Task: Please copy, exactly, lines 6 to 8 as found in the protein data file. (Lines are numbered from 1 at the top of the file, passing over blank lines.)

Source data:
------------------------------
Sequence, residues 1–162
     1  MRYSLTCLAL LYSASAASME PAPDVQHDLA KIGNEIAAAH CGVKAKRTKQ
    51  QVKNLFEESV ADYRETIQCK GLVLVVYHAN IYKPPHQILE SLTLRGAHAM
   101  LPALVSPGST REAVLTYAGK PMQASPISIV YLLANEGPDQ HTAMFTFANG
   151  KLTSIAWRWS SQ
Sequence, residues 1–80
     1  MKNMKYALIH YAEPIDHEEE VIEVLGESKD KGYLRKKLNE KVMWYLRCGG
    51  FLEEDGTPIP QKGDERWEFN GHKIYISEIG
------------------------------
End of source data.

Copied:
Sequence, residues 1–80
     1  MKNMKYALIH YAEPIDHEEE VIEVLGESKD KGYLRKKLNE KVMWYLRCGG
    51  FLEEDGTPIP QKGDERWEFN GHKIYISEIG